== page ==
Four Dead Queens by Astrid Scholte | book review

This review is spoiler-free!

Amazon.com: Four Dead Queens (9780525513926): Scholte, Astrid: Books

Title: Four Dead Queens
Series: standalone
Author: Astrid Scholte
Publisher: G.P. Putnam’s Sons Books for Young Readers
Published: Feb. 26, 2019
Category: YA
Genre: dystopia, fantasy
Pages: 413
My Rating: ★★★☆☆
Goodreads page

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Synopsis

Seventeen-year-old Keralie Corrington may seem harmless, but in fact, she’s one of Quadara’s most skilled thieves and a liar. Varin, on the other hand, is an honest, upstanding citizen of Quadara’s most enlightened region, Eonia. Varin runs afoul of Keralie when she steals a package from him, putting his life in danger. When Varin attempts to retrieve the package, he and Keralie find themselves entangled in a conspiracy that leaves all four of Quadara’s queens dead.

With no other choices and on the run from Keralie’s former employer, the two decide to join forces, endeavoring to discover who has killed the queens and save their own lives in the process. When their reluctant partnership blooms into a tenuous romance, they must overcome their own dark secrets in hopes of a future together that seemed impossible just days before. But first they have to stay alive and untangle the secrets behind the nation’s four dead queens.

An enthralling fast-paced murder mystery where competing agendas collide with deadly consequences, Four Dead Queens heralds the arrival of an exciting new YA talent.

[ This synopsis was taken directly from Goodreads. ]

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Thoughts

Four Dead Queens is about Keralie, a thief, and Varin, a messenger, trying to figure out and stop the murder of the four queens of Quadara.

Before I get into my thoughts, I wanted to preface this review by saying that this wasn’t a bad story. I enjoyed most of it, but I had a few problems with how the story was structured and some of the choices that were made.

This book is a quintessential YA dystopia fantasy novel. Quadara feels like a combination of the districts in The Hunger Games and the factions in Divergent. You have Eonia, which is the technology/science/logic-without-emotion quadrant (kind of like Erudite/District 3). You have Archia, which is the agricultural quadrant that is all about hard work and simplicity (like Amity/District 11). Then there’s Toria, which is the intellect and exploration quadrant (kind of like Eurdite again). Lastly, there’s Ludia, which is the art/luxury quadrant (like District 1). The quadrants of Quadara aren’t exact copies of the worlds of The Hunger Games and Divergent, but they’re similar enough that my eyebrows were raised.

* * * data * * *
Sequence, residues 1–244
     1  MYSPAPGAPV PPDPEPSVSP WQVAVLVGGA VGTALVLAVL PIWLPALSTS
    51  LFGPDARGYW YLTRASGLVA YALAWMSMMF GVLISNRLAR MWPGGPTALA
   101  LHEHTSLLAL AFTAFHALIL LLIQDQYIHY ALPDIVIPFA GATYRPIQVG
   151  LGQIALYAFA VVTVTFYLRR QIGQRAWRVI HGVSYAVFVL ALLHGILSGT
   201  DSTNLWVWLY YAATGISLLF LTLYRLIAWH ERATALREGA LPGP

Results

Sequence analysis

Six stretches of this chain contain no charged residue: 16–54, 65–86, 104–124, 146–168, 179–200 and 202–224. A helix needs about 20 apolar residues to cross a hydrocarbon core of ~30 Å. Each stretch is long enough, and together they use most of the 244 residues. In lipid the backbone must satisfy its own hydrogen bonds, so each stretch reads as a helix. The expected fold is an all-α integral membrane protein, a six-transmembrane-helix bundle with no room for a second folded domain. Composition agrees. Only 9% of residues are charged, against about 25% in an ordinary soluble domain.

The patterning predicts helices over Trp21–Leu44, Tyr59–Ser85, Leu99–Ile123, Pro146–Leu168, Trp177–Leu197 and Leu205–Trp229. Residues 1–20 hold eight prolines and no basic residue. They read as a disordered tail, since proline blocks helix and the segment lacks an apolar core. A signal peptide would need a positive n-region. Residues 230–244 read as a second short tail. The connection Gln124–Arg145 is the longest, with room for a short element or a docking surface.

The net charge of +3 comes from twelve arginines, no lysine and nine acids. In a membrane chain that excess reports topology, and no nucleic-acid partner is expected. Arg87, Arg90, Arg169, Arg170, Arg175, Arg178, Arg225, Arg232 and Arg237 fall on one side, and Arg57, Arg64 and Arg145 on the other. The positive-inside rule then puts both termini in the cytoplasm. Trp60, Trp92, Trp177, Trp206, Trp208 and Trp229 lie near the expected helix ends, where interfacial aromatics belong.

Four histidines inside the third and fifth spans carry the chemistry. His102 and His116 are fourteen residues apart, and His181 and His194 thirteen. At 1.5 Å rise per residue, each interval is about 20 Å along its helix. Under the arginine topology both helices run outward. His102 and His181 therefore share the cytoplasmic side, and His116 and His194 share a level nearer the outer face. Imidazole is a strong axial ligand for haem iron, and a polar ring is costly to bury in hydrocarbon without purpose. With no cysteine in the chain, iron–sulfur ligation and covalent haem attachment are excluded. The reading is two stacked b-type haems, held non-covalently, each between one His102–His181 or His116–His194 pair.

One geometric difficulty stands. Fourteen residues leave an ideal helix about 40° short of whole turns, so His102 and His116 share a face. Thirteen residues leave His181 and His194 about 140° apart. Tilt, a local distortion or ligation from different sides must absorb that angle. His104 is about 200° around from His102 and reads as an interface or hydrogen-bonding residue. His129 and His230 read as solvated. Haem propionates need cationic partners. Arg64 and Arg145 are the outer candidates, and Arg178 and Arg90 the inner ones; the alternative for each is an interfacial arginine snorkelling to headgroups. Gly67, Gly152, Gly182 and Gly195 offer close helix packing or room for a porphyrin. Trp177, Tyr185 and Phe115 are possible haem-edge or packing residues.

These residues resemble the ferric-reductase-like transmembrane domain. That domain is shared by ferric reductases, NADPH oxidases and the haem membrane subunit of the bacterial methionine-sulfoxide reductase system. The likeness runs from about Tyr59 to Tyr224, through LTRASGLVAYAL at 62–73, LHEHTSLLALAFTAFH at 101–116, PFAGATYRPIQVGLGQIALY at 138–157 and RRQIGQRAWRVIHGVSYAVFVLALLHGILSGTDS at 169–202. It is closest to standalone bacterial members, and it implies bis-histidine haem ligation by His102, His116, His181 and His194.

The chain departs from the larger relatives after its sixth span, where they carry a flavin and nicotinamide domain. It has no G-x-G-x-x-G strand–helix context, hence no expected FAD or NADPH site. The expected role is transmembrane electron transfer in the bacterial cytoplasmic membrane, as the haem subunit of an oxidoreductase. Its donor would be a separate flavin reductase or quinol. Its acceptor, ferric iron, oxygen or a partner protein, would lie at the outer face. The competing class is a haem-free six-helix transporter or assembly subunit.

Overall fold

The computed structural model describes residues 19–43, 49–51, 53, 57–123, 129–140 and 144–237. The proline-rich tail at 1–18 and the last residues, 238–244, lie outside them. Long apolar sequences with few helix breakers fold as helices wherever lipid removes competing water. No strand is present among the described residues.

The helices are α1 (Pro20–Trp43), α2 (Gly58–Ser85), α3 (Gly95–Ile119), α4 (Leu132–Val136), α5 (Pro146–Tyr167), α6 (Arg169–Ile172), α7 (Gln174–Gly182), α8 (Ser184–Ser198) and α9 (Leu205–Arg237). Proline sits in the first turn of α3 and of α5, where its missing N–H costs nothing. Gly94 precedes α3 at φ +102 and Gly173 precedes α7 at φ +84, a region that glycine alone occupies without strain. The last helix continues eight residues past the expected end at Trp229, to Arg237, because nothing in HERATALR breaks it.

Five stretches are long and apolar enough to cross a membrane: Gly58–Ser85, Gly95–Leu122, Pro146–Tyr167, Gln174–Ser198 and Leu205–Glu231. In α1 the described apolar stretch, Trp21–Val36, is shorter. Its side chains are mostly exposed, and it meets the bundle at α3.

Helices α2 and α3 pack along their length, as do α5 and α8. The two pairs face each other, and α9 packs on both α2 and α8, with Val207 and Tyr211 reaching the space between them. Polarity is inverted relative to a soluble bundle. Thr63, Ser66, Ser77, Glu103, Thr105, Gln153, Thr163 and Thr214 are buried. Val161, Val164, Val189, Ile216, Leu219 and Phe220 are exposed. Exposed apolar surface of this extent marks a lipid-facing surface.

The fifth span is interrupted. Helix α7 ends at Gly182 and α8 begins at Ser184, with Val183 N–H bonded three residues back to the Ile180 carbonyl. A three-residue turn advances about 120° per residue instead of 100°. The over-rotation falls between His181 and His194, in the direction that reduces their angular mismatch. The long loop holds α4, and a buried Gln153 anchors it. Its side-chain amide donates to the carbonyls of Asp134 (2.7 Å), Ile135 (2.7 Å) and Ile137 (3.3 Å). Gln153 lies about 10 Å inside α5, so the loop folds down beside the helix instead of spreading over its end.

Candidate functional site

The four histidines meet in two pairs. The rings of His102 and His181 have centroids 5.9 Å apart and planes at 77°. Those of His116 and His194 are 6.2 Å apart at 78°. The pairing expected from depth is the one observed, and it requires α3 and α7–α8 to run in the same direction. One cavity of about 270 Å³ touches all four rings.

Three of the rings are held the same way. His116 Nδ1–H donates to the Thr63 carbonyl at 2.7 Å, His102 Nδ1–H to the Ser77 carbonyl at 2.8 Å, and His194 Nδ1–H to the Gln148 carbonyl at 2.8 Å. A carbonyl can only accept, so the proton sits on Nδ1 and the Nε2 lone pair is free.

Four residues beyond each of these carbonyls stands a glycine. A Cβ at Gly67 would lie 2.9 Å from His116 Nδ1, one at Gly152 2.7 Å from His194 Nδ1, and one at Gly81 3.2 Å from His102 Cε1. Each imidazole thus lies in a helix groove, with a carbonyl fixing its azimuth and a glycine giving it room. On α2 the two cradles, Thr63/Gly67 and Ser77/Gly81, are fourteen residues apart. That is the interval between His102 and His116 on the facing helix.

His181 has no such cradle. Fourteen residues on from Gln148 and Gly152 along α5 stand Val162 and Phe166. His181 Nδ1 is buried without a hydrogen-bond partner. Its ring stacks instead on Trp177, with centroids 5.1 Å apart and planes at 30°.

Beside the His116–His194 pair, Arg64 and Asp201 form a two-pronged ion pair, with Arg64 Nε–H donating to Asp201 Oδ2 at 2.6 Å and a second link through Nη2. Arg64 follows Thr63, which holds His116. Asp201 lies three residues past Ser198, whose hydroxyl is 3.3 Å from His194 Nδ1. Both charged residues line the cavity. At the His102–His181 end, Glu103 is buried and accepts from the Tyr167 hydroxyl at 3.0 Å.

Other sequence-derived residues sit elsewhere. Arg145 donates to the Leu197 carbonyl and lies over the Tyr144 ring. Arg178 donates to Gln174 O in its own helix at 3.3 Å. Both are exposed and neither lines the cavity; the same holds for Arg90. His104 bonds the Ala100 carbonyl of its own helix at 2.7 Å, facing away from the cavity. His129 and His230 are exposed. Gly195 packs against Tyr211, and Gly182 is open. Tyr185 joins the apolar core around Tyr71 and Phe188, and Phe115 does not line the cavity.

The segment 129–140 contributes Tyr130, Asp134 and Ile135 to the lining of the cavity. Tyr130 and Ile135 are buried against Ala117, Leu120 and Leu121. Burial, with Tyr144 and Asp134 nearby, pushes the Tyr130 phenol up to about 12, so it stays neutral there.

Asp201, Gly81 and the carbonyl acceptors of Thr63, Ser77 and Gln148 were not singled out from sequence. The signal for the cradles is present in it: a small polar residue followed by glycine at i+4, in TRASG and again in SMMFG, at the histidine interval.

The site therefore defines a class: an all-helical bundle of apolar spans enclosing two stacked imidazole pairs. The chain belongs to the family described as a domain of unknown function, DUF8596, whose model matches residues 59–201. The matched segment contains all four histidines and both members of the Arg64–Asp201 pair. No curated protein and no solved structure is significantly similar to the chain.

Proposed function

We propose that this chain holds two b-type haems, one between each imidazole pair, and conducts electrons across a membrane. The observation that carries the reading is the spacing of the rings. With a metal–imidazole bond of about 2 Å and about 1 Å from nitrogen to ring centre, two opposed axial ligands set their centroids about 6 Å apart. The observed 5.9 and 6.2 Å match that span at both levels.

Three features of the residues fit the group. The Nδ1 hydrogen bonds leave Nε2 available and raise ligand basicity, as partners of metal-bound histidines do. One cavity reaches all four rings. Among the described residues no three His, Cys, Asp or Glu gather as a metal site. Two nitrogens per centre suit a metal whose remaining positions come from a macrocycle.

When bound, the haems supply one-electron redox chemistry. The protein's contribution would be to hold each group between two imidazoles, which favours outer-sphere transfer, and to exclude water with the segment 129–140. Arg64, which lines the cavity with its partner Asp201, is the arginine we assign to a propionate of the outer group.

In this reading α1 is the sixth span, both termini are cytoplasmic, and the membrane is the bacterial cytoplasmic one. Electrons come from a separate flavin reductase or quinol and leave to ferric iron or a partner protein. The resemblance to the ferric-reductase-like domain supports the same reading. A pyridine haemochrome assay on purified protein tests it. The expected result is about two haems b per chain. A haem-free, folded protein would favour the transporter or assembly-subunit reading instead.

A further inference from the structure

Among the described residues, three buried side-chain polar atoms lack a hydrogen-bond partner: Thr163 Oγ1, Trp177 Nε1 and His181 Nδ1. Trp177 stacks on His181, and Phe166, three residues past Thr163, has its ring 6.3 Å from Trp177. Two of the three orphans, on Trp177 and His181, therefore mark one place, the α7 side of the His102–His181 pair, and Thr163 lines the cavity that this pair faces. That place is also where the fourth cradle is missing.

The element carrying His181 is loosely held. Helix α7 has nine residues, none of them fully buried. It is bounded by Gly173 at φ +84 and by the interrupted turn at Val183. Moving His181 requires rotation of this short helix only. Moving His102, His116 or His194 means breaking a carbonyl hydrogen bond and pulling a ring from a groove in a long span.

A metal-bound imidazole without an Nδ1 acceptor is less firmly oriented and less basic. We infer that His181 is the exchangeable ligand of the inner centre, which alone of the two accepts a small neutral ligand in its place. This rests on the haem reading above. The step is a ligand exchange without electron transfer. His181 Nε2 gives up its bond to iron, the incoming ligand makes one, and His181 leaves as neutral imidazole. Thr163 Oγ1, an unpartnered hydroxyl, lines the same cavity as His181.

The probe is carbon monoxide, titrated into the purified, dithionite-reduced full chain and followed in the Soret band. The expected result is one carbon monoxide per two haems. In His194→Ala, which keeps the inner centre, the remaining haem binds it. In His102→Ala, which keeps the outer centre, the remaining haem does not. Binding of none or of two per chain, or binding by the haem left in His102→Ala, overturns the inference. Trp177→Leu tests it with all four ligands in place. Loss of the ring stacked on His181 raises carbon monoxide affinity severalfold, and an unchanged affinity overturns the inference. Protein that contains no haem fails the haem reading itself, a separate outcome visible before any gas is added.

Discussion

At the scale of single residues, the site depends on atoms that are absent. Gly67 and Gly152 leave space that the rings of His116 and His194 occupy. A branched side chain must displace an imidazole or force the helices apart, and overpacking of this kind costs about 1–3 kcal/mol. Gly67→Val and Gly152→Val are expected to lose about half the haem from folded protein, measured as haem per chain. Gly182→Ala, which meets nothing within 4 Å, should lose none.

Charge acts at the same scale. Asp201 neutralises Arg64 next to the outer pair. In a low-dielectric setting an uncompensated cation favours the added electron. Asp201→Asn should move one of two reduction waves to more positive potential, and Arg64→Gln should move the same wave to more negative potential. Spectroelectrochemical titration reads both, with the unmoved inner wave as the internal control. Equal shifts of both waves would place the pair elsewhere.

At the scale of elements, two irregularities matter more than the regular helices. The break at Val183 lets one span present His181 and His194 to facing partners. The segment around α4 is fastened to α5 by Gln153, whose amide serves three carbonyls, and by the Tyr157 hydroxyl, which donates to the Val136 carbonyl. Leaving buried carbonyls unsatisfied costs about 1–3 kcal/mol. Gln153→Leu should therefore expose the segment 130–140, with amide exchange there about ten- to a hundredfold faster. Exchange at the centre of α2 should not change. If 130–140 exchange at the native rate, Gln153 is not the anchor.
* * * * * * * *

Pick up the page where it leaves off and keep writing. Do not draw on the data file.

Eyebrows Raise GIF - Eyebrows Raise Eyebrow - Discover & Share GIFs | The  rock gif, Dwayne johnson, Wwe the rock

The story jumps from past to present (or present to future, depending on how you look at it), but since there is no clear indication that the story is jumping back and forth, it can get a little confusing at times. It doesn’t help that the story is told in six different perspectives. I didn’t even realize that the chapters were switching timelines until I was practically done with the book.

Also, the explanation of how the queens all ended up dead was… lackluster. There were a lot of convenient plot devices involved. Again, my eyebrows were raised.

raised eyebrow gifs | WiffleGif

Other than a few minor things that I can’t talk about because of spoilers, this was an okay book. If you’re looking for a stereotypical YA book, this might be for you. If you liked the worlds of The Hunger Games and Divergent, this book is also for you.

TL;DR

✅ okay story and characters
➖ the world feels unoriginal
❌ the switching between past and present is unclear and confusing

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Rating

I give Four Dead Queens 3 stars!

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Stay awkward and amazing!

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